Like most hospitals, a metro-area children’s hospital was constantly being remodeled and reconfigured. Typically, portions of the fire alarm system would be disabled while areas and zones were under construction, and false alarms were a frequent problem — especially for caregivers in the pediatric intensive care unit, where children couldn’t be moved without upsetting patients and parents alike.
The hospital hired David, a maintenance engineer, to coordinate the alarm system during the construction process — and to eliminate false alarms.
At first, David was overwhelmed. No one had really tracked the changes that had been made to the alarm system since it had first been installed 20 years earlier. Since that time, new alarms and new panels from several manufacturers had been added to the system. Hundreds of alarms and devices that were listed on alarm spreadsheets were officially “missing” from the system. And while several divisions had architects’ drawings, blueprints, and floor plans for their own departments, no one had a complete set of current drawings for the entire site.
Then David remembered that RescueLogic had been used successfully at another hospital he visited in Minneapolis. He immediately ordered a copy of the software for the children’s hospital.
The RescueLogic Solution
David had an old spreadsheet file listing every alarm and device that was supposed to be installed in the hospital’s alarm system. He imported the file directly into his RescueLogic database — a process that took less than five minutes, start to finish.
David also used standard cable to connect the hospital’s alarm panels to his RescueLogic computer. It took him about 30 minutes to import a complete list of every alarm and device, straight from the panel into his RescueLogic database.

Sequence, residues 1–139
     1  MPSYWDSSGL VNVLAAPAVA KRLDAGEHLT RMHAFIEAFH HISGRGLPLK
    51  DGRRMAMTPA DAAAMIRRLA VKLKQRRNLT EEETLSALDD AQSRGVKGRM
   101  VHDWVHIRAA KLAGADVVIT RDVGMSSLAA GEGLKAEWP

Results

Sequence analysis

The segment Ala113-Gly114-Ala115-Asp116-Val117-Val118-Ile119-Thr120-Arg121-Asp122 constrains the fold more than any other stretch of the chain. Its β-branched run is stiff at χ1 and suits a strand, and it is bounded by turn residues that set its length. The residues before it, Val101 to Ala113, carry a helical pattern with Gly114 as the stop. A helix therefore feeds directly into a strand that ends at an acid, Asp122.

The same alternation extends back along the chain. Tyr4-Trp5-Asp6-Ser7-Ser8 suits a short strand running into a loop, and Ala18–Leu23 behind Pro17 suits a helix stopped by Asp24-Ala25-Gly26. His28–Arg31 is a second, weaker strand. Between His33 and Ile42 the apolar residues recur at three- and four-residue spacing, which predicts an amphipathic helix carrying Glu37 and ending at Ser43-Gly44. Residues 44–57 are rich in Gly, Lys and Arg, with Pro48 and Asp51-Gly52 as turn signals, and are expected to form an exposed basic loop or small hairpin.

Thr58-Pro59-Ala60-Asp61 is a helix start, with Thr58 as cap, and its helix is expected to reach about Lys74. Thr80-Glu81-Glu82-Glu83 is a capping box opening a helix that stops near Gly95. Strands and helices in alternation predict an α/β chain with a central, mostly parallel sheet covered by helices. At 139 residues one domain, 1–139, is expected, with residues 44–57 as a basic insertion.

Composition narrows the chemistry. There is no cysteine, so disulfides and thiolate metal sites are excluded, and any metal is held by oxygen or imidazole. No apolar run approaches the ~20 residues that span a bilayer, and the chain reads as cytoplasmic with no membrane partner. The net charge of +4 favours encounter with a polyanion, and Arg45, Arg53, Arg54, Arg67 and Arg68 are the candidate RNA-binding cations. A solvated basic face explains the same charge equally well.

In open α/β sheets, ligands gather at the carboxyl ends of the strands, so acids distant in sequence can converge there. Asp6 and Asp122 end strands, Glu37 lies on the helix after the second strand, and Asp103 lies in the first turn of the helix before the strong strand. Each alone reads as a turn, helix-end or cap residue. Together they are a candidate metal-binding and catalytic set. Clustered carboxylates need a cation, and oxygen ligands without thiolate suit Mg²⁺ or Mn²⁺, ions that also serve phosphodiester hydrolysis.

He scanned all of the current floor plans that other hospital departments had on file, and imported them into his RescueLogic system. Then he required all of the contractors who were currently working in the hospital to prepare accurate CAD files for their remodeling projects. All in all, the process of gathering background images for his RescueLogic maps and floor plans wasn’t much different than working with photographs that had been scanned or imported from a clip art CD.
David printed hard copies of his new RescueLogic floor plans, and he took the printouts with him to verify the location and testing of every alarm in the database. If an alarm was in the right place on the RescueLogic floor plan, he circled it on the printout. If an alarm passed a smoke or magnet test, he marked it with an “X.” And if an alarm was in the wrong place on the floor plan, he noted the correct location and went back to his RescueLogic computer, where he could simply reposition it. Before long, David knew where every device was located, and he knew that they were all in working order.
From that point on, David could use RescueLogic to schedule and control which parts of the alarm system should be disconnected, so the areas of the hospital that weren’t under construction were still fully protected. He added notes to the RescueLogic system about which contractors were in the building, as well as their timelines and their contact information. And he programmed RescueLogic to automatically filter alarms that came in as a result of construction.
Meanwhile, word also began to spread that David now had a complete set of current floor plan files for the entire site. His colleagues in the maintenance department began to request RescueLogic printouts for their repair, cleaning, painting, and electrical projects. The public relations department asked for copies of the floor plans to use in visitor handouts. David’s innovative use of RescueLogic was winning him friends facility-wide.
“Before RescueLogic, the hospital’s alarm system had grown out of control,” David said. “The constant remodeling and construction only added to the problem. RescueLogic helped us regain control of the system — and it eliminated the problem of false alarms.”